A new manufacturing process developed by supplier giant Magna International Inc. and the U.S. Department of Energy's Pacific Northwest National Laboratory could soon make it possible to reduce aluminum parts suppliers' reliance on new aluminum.
The process — Shear Assisted Processing and Extrusion — allows a company to collect scrap and leftover aluminum trimmings and directly turn it into material suitable by automotive standards.
Typically, recycled aluminum used in auto parts is added to newly mined aluminum to ensure higher quality.
But reducing the need for new aluminum would help companies cut carbon emissions by as much as 90 per cent compared with typical processes, according to Magna and Pacific Northwest National Laboratory.
John Irwin, a staff reporter at sibling publication Automotive News in Detroit, spoke with Aldo Van Gelder, 57, general manager of Magna's corporate R&D center, about the collaboration. Here are edited excerpts.
Q: What spurred this partnership?
A: It's tied to the increased consumption of aluminum and extrusions in vehicle structures. As that becomes more important, we're looking at what type of processes and technologies are coming to market that we could use that could provide us a competitive advantage and garner more market share.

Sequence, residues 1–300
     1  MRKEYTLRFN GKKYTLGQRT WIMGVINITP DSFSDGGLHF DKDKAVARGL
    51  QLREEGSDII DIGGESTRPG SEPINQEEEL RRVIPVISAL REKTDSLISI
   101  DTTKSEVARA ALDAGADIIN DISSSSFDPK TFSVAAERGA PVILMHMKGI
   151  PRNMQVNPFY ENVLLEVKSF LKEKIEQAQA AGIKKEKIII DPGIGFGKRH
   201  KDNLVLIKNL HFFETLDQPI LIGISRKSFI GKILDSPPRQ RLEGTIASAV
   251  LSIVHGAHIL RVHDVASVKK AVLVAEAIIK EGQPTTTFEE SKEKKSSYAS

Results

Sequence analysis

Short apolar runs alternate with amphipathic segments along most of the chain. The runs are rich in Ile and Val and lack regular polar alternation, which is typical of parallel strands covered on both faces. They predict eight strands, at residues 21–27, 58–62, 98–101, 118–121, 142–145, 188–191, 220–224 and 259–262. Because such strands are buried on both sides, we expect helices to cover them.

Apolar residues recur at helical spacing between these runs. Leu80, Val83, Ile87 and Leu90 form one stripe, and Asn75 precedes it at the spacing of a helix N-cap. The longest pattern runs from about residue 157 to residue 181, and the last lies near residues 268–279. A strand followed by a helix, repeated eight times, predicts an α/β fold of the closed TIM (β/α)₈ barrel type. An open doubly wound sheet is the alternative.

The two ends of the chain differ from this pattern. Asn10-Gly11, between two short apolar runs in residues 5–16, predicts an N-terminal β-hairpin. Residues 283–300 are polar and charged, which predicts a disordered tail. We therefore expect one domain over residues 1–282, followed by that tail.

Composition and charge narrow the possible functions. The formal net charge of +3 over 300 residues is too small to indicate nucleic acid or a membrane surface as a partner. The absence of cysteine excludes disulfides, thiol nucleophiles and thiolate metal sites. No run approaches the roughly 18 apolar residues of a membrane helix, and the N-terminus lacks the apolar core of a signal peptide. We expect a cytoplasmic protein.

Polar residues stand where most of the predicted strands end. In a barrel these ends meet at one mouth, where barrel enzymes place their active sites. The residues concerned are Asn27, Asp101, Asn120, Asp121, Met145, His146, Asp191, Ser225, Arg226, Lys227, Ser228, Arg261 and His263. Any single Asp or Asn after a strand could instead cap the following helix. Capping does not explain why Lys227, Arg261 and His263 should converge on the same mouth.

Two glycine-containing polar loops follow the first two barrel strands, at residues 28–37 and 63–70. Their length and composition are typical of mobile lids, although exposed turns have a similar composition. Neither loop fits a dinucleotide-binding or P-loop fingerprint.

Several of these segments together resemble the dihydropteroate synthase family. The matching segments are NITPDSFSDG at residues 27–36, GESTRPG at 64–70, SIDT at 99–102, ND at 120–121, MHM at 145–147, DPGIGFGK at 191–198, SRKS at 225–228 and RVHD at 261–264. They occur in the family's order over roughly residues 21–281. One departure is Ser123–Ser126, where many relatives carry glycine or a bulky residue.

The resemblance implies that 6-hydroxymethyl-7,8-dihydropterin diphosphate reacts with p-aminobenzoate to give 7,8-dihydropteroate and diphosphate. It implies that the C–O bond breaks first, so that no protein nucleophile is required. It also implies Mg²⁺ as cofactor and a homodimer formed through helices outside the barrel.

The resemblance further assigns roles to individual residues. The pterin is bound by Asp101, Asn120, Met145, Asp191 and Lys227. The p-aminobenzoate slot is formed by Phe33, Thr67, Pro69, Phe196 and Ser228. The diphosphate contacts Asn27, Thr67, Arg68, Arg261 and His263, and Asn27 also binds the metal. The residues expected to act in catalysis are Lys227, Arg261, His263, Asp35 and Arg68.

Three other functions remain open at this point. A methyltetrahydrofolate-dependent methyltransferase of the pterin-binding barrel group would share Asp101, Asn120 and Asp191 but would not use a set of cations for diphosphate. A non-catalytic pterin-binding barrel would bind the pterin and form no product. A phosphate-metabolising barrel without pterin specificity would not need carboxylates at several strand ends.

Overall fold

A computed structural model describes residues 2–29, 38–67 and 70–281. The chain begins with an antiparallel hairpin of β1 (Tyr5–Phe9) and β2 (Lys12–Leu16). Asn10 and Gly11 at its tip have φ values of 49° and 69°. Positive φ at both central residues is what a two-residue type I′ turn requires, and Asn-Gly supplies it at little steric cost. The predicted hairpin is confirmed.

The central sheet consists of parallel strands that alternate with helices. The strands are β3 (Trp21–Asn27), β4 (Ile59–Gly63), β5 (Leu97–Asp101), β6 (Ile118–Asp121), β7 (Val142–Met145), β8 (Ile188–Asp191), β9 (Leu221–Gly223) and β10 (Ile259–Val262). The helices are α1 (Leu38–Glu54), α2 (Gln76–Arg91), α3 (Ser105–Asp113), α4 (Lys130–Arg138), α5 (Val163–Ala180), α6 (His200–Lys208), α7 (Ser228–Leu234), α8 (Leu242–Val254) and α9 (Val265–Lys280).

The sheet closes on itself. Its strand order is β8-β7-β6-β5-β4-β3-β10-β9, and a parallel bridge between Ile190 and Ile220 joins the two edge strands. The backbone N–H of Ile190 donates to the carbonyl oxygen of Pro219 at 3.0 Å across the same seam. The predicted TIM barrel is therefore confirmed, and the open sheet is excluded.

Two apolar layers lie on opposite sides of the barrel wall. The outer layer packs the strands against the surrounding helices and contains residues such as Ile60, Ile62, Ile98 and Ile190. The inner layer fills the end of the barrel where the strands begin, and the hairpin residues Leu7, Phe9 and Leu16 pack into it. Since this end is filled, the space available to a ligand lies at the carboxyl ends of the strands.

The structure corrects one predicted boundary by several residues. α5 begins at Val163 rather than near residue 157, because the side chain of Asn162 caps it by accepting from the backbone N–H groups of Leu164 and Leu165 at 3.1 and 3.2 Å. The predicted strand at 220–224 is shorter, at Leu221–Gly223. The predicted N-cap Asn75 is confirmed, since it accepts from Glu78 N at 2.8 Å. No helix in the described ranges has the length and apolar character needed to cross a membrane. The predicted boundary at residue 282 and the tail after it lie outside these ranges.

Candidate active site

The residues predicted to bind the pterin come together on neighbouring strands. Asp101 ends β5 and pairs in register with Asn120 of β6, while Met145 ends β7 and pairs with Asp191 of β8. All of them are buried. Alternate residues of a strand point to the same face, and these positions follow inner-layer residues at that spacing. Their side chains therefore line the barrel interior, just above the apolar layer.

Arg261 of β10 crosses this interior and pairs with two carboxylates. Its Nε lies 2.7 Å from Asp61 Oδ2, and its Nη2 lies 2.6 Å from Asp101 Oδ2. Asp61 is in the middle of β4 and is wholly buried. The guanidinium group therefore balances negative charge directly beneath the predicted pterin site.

The expectation is the market for extrusions will double in the next 10 years. We're moving with the market in that direction, with the way customers are designing those vehicles. It's matching our process and footprint with the market and our customers.
What does this require from a capital perspective?
You can call it heavy manufacturing, so it's capital intensive. If you look at casting or stamping or injection molding, all of these are capital intensive. Very few product areas that we operate in aren't capital intensive. The fact that this can provide strategic advantages in terms of energy efficiency and lower cost is the primary reason we're interested in this technology.